The first thing I was told about Arcanum was the central conflict of the game: magic versus technology. This idea was so interesting and unique that I considered carefully how to best reflect it in the music. I presented a couple of ideas to the guys at Troika, and we finally settled on a sort of musical anachronism: a score centered around the styles and textures of Renaissance, medieval, and early music, but performed by a characteristic ensemble of the Victorian era, the string quartet. This dichotomy is most evident in the main Arcanum theme, but it shows up more obliquely in the chant-like melodies and motives that recur throughout the score, as well as in the texture and motion of the individual parts. (For example, notice the main theme of "The Caladon Catacombs" and the "Towns" music.) In my writing, I've avoided the virtuosic ornamentation and extremes of tessitura that characterize much Romantic-era string quartet literature, turning instead to the counterpoint and phrasing of early polyphony. Obviously, some of the pieces stray from this original conception, usually for dramatic reasons, but it served as a fruitful point of departure.
The Arcanum score is indebted to the Kronos Quartet's Early Music album, which includes early music transcribed for string quartet alongside contemporary compositions that share an esthetic kinship with early music. I also remember being inspired by some of Philip Glass' comments regarding his new score to the classic 1931 film Dracula, in which he stated that he chose a string quartet to evoke the film's close, Gothic environments. A small ensemble can be appropriately moody, intimate, unobtrusive, and ambiguous; and strings are capable of a wide range of delicate instrumental colors. It might even be argued that a small ensemble works better for the personal, one-on-one experience of a computer game, contrasting with an orchestral score in the large, public space of a movie theater. It didn't hurt that hiring a string quartet is significantly cheaper than hiring a full orchestra, while the warmth resulting from an acoustic recording is vastly preferable, in my opinion, to another MIDI orchestra soundtrack.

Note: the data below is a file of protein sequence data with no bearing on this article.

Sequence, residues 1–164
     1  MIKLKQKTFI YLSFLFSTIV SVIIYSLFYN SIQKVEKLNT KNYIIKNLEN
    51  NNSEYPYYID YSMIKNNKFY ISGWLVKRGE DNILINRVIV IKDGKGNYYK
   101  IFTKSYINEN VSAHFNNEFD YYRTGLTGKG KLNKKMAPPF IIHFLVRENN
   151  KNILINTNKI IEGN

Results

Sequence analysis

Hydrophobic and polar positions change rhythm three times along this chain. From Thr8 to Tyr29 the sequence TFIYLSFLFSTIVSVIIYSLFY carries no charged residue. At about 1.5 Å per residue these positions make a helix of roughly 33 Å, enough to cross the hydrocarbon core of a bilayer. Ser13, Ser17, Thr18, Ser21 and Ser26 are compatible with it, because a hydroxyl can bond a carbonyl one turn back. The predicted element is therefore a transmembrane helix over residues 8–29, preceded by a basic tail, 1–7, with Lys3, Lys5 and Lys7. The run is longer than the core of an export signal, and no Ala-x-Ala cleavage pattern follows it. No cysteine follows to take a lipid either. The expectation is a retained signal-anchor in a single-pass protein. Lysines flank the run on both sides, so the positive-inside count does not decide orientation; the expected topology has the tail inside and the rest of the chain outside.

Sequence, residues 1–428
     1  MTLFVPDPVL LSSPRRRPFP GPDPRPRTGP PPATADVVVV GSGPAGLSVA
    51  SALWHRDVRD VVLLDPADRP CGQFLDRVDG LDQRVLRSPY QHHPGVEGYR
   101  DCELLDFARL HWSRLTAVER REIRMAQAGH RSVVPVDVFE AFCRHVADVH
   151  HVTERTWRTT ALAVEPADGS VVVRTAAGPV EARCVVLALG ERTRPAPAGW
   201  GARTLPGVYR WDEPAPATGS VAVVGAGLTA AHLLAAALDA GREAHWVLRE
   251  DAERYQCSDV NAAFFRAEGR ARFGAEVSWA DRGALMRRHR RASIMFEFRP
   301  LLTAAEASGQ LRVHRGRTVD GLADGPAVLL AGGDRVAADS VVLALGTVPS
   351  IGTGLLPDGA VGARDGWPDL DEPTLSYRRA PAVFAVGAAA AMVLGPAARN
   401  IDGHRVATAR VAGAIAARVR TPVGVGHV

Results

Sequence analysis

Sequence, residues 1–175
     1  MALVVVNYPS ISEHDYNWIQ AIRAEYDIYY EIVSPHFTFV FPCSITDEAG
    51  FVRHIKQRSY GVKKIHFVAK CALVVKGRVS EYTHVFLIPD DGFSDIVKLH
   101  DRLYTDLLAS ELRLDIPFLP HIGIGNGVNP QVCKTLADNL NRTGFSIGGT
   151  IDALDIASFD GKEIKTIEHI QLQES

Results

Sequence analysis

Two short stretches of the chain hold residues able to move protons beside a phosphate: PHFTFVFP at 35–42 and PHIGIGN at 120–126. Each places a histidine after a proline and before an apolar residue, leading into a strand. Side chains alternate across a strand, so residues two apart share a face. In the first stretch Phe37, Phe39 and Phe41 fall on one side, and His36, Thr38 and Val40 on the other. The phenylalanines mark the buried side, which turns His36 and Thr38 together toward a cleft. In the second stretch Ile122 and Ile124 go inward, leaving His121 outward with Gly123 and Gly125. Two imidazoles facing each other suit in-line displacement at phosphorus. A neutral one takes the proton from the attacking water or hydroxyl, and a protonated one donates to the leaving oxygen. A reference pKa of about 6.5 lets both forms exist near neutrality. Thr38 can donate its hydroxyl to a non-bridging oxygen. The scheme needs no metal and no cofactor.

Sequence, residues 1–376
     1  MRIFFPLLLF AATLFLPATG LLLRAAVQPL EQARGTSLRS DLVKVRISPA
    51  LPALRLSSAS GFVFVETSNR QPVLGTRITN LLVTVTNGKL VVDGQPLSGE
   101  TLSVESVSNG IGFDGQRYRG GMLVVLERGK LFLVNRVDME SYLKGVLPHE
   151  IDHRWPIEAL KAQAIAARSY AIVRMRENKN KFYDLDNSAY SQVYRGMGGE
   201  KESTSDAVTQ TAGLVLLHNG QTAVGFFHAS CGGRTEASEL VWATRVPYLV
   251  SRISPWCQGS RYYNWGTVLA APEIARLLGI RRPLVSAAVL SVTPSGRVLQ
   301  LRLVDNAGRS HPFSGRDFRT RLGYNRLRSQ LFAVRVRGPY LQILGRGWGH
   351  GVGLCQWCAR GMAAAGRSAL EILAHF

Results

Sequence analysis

A typical computer game contains about the same amount of music as a feature film. However, in a game as large as Arcanum, you hear much more of that music than you would in a film, because the same 45 minutes of music now underscore 60 hours of drama instead of two. As a result, a game often requires writing a greater number of unique themes, rather than reworking just a few main ideas. (This is not to imply that coming up with new ideas is more difficult than creatively developing existing themes; indeed, the opposite is probably true.) In any case, there are some recurring themes in Arcanum, which I'll now point out.
The main Arcanum theme masquerades as a waltz in the opening blimp movie ("The Demise of the Zephyr"), and shows up again at the beginning of the banishment movie ("Battle at Vendigroth"). It also underscores Preston Radcliffe's final words as he commits his ring to your care ("Radcliffe's Commission"). The Vendigroth theme, heard during the banishment movie ("Battle at Vendigroth") recurs as the main theme of the "Vendigroth Wastes" when you visit the site of the battle centuries later. The plodding, cyclic, mechanical music for "Tarant," Arcanum's largest city, is not literally reused anywhere, but it's similar in texture to the "Cities" theme, heard in lesser cities. The music for Caladon combines this "cities" texture with a more rural theme, evoking the "Villages" music, to reflect the fact that Caladon, while a large city, still retains elements of its old feudal government.
One very important aspect of Arcanum is that the player may choose to follow a path of good or evil. For this reason, I purposefully avoided writing a sweeping, heroic title theme. Instead, I tried to make the theme morally ambiguous, almost tragic (for Arcanum can be a world of hardship), yet epic (which truly describes the vast scope of Arcanum). I've tried to suggest several things without committing to a single interpretation. I also think a slower, more pensive theme is appropriate to the thoughtful nature and pace of a role-playing game.